What challenges does your team have engaging on more strategic, business-level customer convos?

Options
Bob London
Bob London Member Posts: 54 Expert
5 Insightfuls Photogenic First Anniversary
Hey GGR'ers.

I'm learning a lot lately about the challenges CSMs have around engaging customers at a more strategic, business level. Wondering what challenges and experiences you've had, either internally (team behaviors) or externally (customer recalcitrance).

Here's my story:

I've worked with 6 CS
teams (~ 60 CSM's + account managers) over the last several months to upskill them on having business-level customer conversations...rising above product-level feedback. During this time, I've uncovered 4 primary areas where the REAL work is to disrupt and influence CSMs' current habits/behaviors:


Challenge 1. Ask about the company challenges and priorities. Not your customer's but the business overall. This may involve getting answers out of your comfort zone - that's ok! You're asking to learn, not solve (see below).

Challenge 2. It's OK to ask questions you don't know the answer to. That's how you get FRESH insights.

Challenge 3. Make it a dialogue, not a checklist. Go with the flow of their response vs. jumping to the next question. Probe with insight accelerators like "why," "how" and "what do you mean?"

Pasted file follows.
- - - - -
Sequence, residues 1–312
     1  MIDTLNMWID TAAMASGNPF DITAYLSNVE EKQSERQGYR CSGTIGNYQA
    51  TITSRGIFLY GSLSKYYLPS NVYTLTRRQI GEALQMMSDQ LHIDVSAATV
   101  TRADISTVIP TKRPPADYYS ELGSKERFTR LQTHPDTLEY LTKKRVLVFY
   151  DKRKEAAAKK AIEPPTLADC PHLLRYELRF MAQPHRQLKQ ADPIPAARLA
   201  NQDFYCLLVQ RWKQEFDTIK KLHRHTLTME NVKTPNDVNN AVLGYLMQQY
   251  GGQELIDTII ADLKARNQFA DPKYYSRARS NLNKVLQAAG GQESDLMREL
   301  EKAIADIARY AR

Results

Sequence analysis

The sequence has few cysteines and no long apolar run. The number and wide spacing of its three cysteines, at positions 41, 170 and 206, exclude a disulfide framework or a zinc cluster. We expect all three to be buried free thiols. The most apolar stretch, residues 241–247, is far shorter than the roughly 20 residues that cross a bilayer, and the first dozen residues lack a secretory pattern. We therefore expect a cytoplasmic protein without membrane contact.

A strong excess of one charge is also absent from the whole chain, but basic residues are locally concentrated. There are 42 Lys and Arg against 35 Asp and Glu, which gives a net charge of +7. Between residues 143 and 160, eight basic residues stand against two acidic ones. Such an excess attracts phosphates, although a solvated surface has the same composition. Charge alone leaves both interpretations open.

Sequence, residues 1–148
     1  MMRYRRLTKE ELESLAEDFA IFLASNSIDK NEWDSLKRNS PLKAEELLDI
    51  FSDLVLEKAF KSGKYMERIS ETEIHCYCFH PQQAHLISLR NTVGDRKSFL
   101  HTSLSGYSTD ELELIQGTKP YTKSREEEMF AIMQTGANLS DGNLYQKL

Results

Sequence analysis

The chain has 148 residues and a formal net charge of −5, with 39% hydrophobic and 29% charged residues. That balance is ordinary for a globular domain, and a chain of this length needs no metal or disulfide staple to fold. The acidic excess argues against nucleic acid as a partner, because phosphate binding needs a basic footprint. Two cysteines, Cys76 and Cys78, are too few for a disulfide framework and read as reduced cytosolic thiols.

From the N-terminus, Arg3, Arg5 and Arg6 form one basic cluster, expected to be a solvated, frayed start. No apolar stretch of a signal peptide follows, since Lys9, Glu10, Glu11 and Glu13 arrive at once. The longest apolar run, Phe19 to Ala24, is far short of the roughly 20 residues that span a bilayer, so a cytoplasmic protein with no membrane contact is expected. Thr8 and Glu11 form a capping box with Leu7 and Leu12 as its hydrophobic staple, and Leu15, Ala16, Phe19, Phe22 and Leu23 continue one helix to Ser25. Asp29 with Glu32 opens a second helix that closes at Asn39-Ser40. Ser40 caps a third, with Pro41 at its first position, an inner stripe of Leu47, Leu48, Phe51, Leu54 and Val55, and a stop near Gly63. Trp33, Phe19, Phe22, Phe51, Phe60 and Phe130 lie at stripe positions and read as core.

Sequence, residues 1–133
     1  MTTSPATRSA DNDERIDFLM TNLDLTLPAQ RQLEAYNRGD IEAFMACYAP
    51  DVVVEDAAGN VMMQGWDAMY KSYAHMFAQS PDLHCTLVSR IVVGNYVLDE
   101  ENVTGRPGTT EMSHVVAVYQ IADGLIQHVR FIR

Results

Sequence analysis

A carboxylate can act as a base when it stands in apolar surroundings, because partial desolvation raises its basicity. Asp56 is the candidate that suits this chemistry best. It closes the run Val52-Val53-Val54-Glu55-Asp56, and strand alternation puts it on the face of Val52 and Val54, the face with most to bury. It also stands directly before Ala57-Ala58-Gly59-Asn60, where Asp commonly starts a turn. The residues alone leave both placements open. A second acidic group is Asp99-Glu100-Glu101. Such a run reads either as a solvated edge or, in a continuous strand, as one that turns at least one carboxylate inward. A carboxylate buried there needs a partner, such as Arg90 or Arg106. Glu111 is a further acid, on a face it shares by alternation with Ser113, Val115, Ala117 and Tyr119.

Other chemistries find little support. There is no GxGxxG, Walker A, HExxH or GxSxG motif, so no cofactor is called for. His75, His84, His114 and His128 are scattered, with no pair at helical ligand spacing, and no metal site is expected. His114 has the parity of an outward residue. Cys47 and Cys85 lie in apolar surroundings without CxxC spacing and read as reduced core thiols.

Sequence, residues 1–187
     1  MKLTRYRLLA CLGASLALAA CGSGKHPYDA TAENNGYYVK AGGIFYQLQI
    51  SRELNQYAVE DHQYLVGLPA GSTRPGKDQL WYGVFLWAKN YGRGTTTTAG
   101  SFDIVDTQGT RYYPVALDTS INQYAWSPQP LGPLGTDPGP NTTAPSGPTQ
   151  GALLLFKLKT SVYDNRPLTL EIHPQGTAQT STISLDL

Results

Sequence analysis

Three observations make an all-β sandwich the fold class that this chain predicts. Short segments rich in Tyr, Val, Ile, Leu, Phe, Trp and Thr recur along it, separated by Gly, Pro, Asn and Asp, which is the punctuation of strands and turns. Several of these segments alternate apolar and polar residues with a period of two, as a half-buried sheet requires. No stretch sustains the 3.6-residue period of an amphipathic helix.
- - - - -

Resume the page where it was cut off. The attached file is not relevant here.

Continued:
Challenge 4: Don't solve. Again, you're there to listen and learn. Most CSMs have a natural (and awesome) tendency to be responsive and fix issues. That's not what these convo's are for. Nor are they for selling, although you may be surprised at the opportunities that emerge organically.


Agree? Disagree? How are you addressing?

Looking forward to hearing your thoughts!
Tagged:

Comments

  • Kelli Shea
    Kelli Shea Member Posts: 4 Seeker
    edited April 2021
    Options
    Do the rules change based on who you are talking to? In my world, we work with different levels of contacts (starting with program administrators up to CLO's) but it's not always consistent in terms of who we can get on a phone call to talk through these questions.  I ask "why" often in these conversations- sometimes multiple times within the context of the same question. I'm always surprised how different the answers are based on who we are talking to- you'd think these various levels of stakeholders would be much more aligned.   One question that I've started to ask more and more lately is "what happens if you maintain the status quo and don't do anything at all?  How does that hurt your current business and/or learners".  I think this question uncovers some great responses and unveils their true urgency in solving their business issues.
  • Keishla Ceaser-Jones
    Keishla Ceaser-Jones Member Posts: 10 Contributor
    First Comment Photogenic First Anniversary
    edited May 2021
    Options
    Hi, Bob